Academics at the University of Liverpool’s Institute of Irish Studies emphasise, however, that tensions around the displacement of trade need to be addressed by the backstop measure’s signatories.
‘The Ireland/NI Protocol: Responding to Tensions or Enacting Opportunity?’ is an in-depth analysis authored by Prof. Peter Shirlow, Michael D’Arcy, Alison Grundle, Jarlath Kearney and Prof. Brendan Murtagh.
The paper - as well as arguing for forward-looking solutions to the difficulties created by Brexit - notes cross-border cooperation initiatives in the Derry and Donegal region.
In a section entitled ‘Spatial alignment and the Protocol economy’ it refers to how ‘the Regional Spatial and Economic Strategy for the NW Issues Paper in the Republic has defined Derry/Londonderry-Strabane-Letterkenny as a city region; and Derry and Donegal Councils had previously advocated a Cross-Border Free Trade Zone, which would eliminate the need for customs checks and tariff controls.’
“The Protocol offers distinct opportunities and presents specific sectoral and area based challenges that need to be addressed with a more tailored approach, bespoke to the potential, resources and assets of the border region as well as NI as a whole,” write Shirlow et al.
The report makes three propositions:
1. The Protocol creates unique opportunities to sustain peace underpinned by shared prosperity.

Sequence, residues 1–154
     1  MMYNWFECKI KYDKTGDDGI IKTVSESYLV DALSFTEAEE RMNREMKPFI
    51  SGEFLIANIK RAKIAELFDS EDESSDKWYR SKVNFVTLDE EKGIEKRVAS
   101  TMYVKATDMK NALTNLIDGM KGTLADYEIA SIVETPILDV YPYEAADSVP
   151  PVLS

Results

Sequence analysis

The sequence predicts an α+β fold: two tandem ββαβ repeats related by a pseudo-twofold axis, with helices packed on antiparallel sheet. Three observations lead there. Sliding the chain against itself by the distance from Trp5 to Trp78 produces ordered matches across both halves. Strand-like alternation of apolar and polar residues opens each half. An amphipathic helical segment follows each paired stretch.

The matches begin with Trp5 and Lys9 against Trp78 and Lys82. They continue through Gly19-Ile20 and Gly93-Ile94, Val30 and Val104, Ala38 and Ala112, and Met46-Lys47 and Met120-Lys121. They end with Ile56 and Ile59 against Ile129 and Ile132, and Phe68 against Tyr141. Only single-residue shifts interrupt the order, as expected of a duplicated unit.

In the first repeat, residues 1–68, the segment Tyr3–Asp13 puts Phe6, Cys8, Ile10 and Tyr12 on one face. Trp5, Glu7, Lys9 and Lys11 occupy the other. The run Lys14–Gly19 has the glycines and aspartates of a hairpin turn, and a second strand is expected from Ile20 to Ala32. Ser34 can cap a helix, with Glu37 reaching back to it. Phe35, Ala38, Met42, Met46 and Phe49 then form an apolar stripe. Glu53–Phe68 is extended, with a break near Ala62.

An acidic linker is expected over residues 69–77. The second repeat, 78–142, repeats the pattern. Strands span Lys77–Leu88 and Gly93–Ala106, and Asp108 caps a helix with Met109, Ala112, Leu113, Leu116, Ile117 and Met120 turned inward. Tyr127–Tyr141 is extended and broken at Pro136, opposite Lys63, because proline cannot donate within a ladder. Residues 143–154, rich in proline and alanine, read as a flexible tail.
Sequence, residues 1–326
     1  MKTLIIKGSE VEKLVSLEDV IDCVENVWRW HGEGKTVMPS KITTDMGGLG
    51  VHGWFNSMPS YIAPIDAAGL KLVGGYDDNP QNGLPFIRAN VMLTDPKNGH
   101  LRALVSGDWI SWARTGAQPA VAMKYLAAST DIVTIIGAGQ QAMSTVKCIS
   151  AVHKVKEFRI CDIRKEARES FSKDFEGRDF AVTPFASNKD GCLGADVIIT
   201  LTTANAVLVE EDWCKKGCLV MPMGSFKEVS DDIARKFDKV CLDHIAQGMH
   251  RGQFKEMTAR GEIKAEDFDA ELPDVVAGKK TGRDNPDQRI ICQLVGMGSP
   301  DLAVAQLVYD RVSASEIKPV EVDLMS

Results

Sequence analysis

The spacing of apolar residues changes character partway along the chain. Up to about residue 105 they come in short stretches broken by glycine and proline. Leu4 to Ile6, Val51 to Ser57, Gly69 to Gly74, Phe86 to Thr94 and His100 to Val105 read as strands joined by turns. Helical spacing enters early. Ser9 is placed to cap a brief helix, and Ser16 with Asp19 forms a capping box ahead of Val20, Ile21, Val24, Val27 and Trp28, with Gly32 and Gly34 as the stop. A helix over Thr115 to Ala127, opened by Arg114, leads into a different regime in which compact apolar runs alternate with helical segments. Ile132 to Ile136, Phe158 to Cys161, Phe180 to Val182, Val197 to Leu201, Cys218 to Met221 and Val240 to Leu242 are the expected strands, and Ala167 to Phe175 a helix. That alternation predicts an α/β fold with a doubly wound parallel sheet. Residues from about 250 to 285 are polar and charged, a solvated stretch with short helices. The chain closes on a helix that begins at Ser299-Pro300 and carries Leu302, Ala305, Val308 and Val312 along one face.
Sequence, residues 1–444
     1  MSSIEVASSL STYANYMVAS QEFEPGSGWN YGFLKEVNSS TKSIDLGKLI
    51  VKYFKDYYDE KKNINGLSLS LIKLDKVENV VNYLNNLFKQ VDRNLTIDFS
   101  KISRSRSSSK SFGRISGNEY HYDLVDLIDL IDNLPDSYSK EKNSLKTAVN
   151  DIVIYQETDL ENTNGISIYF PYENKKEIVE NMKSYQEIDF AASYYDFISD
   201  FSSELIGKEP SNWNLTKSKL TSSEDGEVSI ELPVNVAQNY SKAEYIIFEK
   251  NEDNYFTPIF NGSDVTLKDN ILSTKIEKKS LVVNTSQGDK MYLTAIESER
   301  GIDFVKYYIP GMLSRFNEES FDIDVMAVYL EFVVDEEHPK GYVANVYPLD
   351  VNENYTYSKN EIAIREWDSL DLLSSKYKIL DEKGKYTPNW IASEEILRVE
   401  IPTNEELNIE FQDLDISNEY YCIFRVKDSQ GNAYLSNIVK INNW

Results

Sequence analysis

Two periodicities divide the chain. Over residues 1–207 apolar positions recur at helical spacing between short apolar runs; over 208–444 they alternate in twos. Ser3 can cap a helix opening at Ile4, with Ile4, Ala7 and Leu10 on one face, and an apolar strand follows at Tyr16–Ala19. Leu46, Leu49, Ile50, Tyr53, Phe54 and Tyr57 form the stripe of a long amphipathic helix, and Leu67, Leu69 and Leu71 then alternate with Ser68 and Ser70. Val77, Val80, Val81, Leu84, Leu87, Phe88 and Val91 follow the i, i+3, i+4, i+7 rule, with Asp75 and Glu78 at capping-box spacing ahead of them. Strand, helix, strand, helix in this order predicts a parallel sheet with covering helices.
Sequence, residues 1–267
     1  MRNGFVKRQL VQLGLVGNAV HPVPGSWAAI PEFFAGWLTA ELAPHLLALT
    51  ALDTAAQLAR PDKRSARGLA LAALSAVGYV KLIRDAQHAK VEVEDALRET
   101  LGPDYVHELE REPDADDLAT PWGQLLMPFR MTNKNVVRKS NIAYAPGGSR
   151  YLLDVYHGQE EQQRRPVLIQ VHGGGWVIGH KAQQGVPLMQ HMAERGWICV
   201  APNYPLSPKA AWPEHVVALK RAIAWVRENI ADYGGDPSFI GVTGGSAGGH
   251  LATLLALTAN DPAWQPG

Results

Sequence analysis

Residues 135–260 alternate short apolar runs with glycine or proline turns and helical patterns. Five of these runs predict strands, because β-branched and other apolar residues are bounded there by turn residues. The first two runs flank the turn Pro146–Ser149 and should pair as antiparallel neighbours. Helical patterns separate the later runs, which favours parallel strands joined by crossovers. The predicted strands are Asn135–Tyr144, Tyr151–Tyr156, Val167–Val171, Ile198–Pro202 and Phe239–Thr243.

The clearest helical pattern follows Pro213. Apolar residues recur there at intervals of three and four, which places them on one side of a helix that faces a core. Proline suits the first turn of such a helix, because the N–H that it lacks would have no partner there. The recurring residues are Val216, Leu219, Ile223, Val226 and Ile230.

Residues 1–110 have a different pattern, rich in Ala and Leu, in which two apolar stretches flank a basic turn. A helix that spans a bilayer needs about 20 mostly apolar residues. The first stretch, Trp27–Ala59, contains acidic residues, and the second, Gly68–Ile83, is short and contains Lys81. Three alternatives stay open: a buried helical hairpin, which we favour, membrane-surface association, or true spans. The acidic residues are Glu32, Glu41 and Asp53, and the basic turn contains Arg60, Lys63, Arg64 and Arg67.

2. There are evident political and social tensions to be tackled.
3. Pragmatic political resolve can find solutions to unlock those opportunities and tackle present tensions. The removal of the latter reinforces the former.
Its authors state: “The opportunities for NI, GB and Ireland, are contingent upon parallel factors: (i) the outcome of present UK and EU negotiations; and (ii) the role of the Belfast/Good Friday Agreement institutions in framing and invigorating the next stage of a sustainable peace dividend. Delivering on the long-term opportunities depends on choices made by political actors, the business sector and civic society. Despite the disruption caused by Brexit, the Protocol provides conditions for economic and social growth and revival. Peace can and will be bolstered by shared social prosperity and sustainable economic growth. Strategic leadership is now required.”
The report frames the Protocol as a process and laments that not enough attention has been drawn to the accountability measures built into it.
“The Joint-Working Committee that oversees the Specialised Committee and Joint Consultative Working Group is a decision-making forum with the sub-committees of Parliament providing for tests of accountability and the impact of application,” it states.
Equally, the House of Lords European Affairs Sub-Committee on the Protocol on Ireland and NI is cited as a forum where concerns can be raised.
“There is insufficient media and public awareness that the Protocol is fluid, and framed by on-going negotiation, consultation, consent mechanisms and monitoring structures. These structures, as noted, are opportunities to voice evidence regarding the Protocol and present opportunities for both representative and deliberative democracy.”